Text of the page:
Meet the Grads, Allison Arnold: A diverse journey led her to become a versatile engineer
Allison Arnold was born with a heart condition requiring surgery at just 18 months old. Her life was saved by the treatments she received through outstanding medical techniques and solutions from the West Virginia University Medicine Children’s Hospital. As a result, when she embarked upon a doctoral degree at WVU, Arnold felt driven to study engineered human-compatible materials.
Story by Adrianne Uphold, Multimedia Specialist
From a young age, Arnold was torn between the artistic right side of her brain and the rational left side, and as a result, she was at the crossroads of which pathway her professional life would take.
“I looked to the outstanding people around me and the traits I wanted to develop within myself,” Arnold said. “Most outstanding were my parents and grandparents. While my grandfather and dad were brilliant engineers and businessmen who imparted value in practical problem-solving skills, my mother and grandmother reinforced my creative qualities and common sense.”
This combination allowed Arnold to complete a colorful collegiate education spanning more than 10 years and numerous degrees in engineering, art and history.
Her journey began with enrolling in the Benjamin M. Statler College of Engineering and Mineral Resources in 2010. Over the next 12 years, Arnold graduated with a Bachelor of Science in civil engineering simultaneously with two minor degrees in art and history in 2014; followed by the completion of a Master of Science in mechanical engineering in 2015. Along the way she discovered a passion for teaching and mentoring which led her to complete the WVU certificate in university teaching in 2021 concurrently with her doctorate studies in material science and engineering.
This personal interest also led Arnold to mentor eight undergraduate student researchers in projects supported by the WVU STEM Summer Undergraduate Research Experience, the WVU Research Apprenticeship Program and the NASA West Virginia Space Grant Consortium (WVSGC); as well as teach undergraduate courses in the Mechanical and Aerospace Engineering Department for several semesters.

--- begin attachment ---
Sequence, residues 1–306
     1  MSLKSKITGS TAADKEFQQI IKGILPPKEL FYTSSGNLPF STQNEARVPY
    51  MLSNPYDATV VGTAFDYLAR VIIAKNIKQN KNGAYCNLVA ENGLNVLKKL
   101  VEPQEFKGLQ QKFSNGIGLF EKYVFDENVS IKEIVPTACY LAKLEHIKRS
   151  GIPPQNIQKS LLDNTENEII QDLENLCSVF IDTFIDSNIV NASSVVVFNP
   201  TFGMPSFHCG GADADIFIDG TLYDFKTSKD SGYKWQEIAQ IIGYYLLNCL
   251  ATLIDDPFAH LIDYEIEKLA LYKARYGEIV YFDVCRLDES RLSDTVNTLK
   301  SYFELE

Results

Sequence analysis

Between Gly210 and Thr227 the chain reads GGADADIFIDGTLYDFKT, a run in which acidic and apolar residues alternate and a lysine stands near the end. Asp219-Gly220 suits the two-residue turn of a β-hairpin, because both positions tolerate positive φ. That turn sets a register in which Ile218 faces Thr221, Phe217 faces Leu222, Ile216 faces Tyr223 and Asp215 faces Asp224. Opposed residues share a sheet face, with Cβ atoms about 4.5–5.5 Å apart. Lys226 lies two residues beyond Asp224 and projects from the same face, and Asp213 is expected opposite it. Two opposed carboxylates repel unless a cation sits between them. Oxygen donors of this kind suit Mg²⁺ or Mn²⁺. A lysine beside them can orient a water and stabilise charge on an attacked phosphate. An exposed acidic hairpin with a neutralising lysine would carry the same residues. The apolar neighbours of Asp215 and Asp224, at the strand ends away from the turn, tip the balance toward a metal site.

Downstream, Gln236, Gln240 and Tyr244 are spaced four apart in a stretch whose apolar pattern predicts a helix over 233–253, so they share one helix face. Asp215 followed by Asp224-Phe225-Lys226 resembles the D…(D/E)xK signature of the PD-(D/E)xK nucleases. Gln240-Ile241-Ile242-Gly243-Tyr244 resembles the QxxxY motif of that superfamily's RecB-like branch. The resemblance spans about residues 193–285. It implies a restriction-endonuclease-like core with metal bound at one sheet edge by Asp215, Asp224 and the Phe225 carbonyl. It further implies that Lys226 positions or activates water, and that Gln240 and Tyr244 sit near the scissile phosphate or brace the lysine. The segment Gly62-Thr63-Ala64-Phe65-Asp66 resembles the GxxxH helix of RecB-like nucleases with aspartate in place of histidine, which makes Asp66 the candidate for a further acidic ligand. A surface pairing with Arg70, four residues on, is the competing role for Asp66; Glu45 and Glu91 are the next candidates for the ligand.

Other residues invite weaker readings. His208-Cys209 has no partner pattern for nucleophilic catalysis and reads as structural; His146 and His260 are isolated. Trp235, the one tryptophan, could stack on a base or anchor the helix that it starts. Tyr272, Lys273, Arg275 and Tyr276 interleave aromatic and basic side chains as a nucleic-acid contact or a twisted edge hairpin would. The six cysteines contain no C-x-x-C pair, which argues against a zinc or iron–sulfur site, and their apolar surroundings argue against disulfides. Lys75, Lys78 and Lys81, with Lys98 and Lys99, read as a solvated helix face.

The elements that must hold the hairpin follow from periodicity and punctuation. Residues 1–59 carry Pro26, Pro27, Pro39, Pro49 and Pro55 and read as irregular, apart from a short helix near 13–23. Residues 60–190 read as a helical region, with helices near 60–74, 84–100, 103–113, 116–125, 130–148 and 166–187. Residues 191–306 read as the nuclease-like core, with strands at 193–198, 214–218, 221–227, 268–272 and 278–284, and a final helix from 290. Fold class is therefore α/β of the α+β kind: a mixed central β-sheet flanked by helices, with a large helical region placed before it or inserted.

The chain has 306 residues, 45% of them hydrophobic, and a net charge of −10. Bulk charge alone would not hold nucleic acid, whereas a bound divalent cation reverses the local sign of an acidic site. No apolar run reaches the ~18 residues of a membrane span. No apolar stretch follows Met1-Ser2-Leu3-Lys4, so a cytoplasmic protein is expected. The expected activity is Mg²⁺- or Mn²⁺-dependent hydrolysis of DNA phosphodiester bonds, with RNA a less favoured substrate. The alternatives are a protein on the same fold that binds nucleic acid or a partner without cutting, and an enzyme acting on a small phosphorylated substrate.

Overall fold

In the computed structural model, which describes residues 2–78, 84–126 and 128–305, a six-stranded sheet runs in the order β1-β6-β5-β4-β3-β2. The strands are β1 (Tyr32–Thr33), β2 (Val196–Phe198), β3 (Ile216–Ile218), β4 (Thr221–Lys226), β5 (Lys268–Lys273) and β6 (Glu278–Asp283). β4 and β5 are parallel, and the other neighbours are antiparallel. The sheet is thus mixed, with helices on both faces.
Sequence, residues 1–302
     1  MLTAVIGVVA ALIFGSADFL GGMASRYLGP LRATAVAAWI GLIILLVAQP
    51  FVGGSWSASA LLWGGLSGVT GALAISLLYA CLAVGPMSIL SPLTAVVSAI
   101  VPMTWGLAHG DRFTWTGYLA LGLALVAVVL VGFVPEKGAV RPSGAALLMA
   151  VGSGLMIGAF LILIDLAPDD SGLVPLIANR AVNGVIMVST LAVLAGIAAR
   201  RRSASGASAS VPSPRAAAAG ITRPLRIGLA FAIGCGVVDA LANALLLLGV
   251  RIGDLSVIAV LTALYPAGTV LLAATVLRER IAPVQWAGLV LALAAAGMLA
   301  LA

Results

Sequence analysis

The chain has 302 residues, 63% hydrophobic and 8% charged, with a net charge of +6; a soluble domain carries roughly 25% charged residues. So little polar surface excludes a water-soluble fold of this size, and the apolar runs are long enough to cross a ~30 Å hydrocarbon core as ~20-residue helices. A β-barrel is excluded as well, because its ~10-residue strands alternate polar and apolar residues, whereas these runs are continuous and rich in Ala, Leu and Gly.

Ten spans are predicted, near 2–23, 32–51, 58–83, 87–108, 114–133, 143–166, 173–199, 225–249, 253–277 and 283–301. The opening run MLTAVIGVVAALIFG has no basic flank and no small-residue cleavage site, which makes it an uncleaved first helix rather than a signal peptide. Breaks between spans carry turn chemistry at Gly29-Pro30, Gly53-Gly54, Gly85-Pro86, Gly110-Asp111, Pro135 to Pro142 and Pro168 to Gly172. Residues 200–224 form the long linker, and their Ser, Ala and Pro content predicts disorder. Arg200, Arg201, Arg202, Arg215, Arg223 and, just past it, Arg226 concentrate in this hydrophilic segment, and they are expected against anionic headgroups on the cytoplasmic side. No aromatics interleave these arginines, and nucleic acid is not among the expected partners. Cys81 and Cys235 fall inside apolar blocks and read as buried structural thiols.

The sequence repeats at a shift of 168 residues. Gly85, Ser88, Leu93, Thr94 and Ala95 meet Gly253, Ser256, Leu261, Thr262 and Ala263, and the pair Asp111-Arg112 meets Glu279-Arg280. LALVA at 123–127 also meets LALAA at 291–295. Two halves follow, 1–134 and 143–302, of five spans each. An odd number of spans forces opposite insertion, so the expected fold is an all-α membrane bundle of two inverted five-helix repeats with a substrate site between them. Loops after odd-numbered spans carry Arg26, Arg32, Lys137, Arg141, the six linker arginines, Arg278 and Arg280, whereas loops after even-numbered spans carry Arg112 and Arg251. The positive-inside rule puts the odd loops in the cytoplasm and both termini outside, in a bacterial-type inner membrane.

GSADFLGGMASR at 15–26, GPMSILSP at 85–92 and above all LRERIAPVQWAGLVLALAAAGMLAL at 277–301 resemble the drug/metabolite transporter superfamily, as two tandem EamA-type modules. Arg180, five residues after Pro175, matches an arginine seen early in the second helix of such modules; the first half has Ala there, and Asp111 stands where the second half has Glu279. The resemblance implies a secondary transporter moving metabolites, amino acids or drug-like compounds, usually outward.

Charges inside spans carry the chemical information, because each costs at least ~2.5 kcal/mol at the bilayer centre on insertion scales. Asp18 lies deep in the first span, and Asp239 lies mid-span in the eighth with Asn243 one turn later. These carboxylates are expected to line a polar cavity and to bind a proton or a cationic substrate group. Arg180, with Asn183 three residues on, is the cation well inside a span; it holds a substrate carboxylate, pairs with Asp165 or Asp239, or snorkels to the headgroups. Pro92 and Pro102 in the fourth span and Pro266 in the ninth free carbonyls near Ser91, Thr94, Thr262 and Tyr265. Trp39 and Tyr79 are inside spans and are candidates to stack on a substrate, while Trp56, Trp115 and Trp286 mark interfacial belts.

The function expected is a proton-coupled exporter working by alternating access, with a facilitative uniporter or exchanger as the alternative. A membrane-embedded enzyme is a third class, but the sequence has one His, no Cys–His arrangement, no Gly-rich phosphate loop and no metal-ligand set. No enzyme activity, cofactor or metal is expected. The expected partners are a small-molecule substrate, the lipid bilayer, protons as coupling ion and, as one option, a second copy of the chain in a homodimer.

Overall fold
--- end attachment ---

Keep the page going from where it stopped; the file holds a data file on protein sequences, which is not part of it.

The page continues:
“Now, looking back, I am so very thankful that my parents were there to grant me the confidence necessary to take a chance and embark upon a challenging career in engineering. My time learning to become an engineer has been full of personal and professional accomplishments for which I am perpetually grateful,” Arnold said.
Arnold knew she wanted to continue her studies at the Statler College because of her developed network of connections, spanning multiple departments. She attributes her success to the support she received from the Statler College: David Martinelli, Charter Stinespring, John Zondlo, Victor Mucino, Kenneth Means, Majid Jaridi, Candy Cordwell, Kostas Sierros, Bruce Kang, Jack Byrd, Katarzyna Sabolsky; and Arnold’s mentor from the WVU School of Art & Design, Gerald Habarth.
“I hoped that by continuing my education here at WVU, I could continue to learn from their example and experience,” Arnold said. “At one time or another, I have been their teaching assistant, research collaborator, student and/or research mentee. No matter the scenario, they have all given me time, patience and perspective to progress more successfully in my education and as an engineering professional.”
When deciding to embark upon a doctoral degree Arnold quickly thought of Dr. Edward Sabolsky as her research adviser.
“While working with him as a teaching assistant, I saw that he was an outstanding research and professional mentor who would allow me to grow into a more proficient and intellectual engineer,” Arnold said.